Pipits, Pipits, Pipits

Shetland, Autumn 2012

You never know what’s wandering through the long grass… This is an Olive- backed Pipit which gave wonderfully close views in Hestingott, South Mainland on our first morning.

Never the same. I look forward to each autumn on Shetland. Because you never know…This year the weather was tough but the Shetland Nature groups tougher (really!). You ask ’em. We had a lot of fun. highlights for both groups seem to be, in no particular order:

  • The hunt – the chance to work as a team, hunting and finding our own rarities
  • Sharing in pioneering ID discoveries – live!
  • Seeing a host of really rare birds
  • Having a whole island to ourselves
  • Keeping our lively lists from trip totals to ‘seen from the van’
  • Gaining experience of bird families like many types of pipits or almost ‘all the redpolls’
  • Unbeatable moments like finding Yellow-browed and Barred Warbler in lashing rain or when a Hornemann’s Arctic Redpoll landing on our van

Pipits were well represented  in autumn 2012.

My first morning with RR at the south end. Whatever lies ahead on a Shetland birding experience – it always comes good!

Soon after leaving Sumburgh head we found this Olive- backed Pipit at Quendale (more here). Having thoroughly thrashed around Quendale Burn we briefly each saw ‘bounding pipit’ on the return leg. My view was better- flying away, no call. Surely a ‘Richard’s type’ but not enough. A Richard’s Pipit was found 2 days later in the same area by Dave Fairhurst…

to compare with the soft pastel tones of the Olive-backed, the occasional Tree Pipit helped our learning both plumage and calls. this one was at Valyie, Unst.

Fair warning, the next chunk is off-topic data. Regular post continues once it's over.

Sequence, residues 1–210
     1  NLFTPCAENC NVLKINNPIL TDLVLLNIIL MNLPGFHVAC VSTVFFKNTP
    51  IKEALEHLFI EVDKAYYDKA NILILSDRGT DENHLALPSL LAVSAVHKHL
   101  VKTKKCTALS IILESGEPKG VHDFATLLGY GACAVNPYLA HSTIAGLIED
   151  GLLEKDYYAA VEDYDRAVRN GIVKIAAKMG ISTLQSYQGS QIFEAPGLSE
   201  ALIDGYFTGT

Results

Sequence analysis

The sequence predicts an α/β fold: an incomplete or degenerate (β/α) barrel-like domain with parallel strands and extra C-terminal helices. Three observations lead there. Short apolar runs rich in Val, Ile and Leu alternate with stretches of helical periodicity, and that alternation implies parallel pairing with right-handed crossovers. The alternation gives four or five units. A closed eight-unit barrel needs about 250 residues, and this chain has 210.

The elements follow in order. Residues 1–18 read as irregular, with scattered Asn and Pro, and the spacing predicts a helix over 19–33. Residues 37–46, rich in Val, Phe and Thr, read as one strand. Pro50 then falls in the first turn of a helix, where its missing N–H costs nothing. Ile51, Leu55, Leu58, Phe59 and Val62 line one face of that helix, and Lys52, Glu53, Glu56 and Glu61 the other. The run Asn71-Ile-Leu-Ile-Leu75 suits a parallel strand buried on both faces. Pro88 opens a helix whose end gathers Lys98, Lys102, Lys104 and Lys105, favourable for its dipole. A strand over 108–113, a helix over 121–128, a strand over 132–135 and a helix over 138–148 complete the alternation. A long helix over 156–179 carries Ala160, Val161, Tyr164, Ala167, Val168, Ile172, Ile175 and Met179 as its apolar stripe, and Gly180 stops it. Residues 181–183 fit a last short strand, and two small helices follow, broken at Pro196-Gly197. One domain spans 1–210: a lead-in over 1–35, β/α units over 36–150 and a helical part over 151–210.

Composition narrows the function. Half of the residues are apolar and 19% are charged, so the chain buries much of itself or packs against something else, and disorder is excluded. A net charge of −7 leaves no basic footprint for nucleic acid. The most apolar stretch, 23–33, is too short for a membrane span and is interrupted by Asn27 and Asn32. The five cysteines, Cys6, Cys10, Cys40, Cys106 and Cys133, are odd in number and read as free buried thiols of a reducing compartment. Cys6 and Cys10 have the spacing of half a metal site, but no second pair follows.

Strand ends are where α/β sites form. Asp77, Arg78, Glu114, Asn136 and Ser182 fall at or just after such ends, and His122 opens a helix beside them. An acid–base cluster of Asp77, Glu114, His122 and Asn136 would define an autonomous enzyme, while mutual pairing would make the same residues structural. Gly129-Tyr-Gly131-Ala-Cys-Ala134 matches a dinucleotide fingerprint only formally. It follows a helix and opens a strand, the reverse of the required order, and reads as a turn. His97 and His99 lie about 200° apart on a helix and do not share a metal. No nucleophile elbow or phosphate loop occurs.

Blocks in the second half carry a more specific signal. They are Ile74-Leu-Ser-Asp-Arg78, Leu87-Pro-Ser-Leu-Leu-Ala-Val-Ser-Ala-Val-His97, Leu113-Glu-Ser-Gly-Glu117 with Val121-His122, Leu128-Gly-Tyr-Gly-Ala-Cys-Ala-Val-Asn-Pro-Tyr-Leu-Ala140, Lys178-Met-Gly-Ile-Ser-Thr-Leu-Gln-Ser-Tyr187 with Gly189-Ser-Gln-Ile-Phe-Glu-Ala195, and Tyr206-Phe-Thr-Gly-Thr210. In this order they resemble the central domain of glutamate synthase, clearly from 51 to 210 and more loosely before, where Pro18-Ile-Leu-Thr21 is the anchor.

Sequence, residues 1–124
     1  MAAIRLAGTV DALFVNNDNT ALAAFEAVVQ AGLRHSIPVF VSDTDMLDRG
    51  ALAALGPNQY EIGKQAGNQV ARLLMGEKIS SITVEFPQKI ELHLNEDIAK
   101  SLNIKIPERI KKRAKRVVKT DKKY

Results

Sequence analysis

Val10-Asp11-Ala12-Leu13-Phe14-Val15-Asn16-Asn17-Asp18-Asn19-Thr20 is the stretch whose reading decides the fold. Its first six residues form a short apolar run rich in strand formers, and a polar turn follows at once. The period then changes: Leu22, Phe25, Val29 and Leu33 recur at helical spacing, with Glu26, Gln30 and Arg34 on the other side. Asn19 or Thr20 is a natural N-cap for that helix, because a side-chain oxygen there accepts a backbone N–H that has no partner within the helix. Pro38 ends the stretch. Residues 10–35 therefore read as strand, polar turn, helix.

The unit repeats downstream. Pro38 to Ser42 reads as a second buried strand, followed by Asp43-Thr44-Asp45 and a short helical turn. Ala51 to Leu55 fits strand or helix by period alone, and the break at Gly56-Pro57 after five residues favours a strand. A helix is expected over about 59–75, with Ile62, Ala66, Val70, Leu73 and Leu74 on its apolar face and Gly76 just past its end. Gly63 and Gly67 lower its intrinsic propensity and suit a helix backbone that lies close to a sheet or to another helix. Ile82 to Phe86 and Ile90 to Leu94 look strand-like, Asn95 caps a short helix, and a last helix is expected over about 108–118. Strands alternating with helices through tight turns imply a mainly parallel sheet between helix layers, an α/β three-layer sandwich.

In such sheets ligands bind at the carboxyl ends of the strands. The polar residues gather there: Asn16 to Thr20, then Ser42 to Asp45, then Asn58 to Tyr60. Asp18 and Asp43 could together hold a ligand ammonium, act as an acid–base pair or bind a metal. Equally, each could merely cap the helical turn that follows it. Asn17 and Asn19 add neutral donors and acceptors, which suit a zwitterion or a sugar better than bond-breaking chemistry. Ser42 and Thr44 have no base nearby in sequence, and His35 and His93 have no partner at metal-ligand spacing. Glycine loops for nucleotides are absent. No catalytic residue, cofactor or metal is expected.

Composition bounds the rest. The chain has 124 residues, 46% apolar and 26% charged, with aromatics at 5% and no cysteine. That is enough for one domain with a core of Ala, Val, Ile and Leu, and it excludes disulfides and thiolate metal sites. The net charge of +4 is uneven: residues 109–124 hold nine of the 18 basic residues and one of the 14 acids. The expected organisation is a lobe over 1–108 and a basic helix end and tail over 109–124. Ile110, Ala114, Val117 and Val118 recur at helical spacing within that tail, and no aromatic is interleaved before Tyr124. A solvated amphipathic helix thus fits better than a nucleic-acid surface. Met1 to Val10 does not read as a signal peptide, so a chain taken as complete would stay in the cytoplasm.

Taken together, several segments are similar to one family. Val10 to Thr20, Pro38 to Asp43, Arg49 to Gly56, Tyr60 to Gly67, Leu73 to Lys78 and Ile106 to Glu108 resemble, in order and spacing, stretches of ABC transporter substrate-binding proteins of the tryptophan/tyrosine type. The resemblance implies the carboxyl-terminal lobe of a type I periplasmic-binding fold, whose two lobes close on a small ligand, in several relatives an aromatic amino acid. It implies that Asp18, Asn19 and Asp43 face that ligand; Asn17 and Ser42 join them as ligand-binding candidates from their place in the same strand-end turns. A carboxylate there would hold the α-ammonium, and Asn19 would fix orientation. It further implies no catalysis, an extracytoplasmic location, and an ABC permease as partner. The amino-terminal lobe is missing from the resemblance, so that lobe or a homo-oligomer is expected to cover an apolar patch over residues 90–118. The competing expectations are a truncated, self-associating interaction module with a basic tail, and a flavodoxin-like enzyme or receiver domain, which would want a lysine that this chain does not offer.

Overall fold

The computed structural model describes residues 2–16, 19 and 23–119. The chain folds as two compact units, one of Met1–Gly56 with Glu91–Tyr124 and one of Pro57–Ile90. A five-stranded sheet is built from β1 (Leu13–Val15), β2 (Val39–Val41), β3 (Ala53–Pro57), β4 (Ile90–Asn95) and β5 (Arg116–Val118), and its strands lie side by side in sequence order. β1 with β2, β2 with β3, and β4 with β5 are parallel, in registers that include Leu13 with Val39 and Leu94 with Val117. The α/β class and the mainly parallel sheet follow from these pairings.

One of the ‘top’ rarities this year was this Pechora Pipit which all of the first group saw well at Norwick, Unst. Photos by jammy finder (it was meant for us!) and Unst resident, Mike Pennington.

Making up for last year’s wounds Roger R. went a found a Buff-bellied Pipit on Rerwick Beach, which took us a couple of goes, but we finally got it. guys very happy after new bird, well seen, and without hoards of other birders.

Less buttery and more beautiful rich peachy-buff underneath: Buff-bellied Pipit. More on Roger’s find here

Buff-bellied Pipit on Rerwick Beach. Roger’s text began with the word ‘BOOM’! No wonder.

A special day (all alone) on Fetlar, got us a couple of very nice finds including a Richard’s Pipit. Seen and (just about) heard briefly just before we had to dash for the boat, we opted to return and secure the ID. Part of the challenge of ‘the hunt’.

Richard’s Pipit, Houbie, Fetlar, October 2012. We then went on and found another Richard’s Pipit at Norwick, Unst a couple of days later. Cookin!

Tree Pipit again. not so rare but always good to see.

Full pipit tally: Meadow, Tree, Rock, Olive-backed (2), Richard’s (2-3), Pechora and Buff-bellied. Not bad!

Below: maybe we will find one of these in 2013? Do you know what it is?

8 thoughts on “Pipits, Pipits, Pipits

  1. Davy Bosman

    Note the dark moustachial line that defines the lower edge of ear-coverts (caption photo birding world 24 number 10 p. 415). Compare with the pechora. I must admit I didn’t know about that one.


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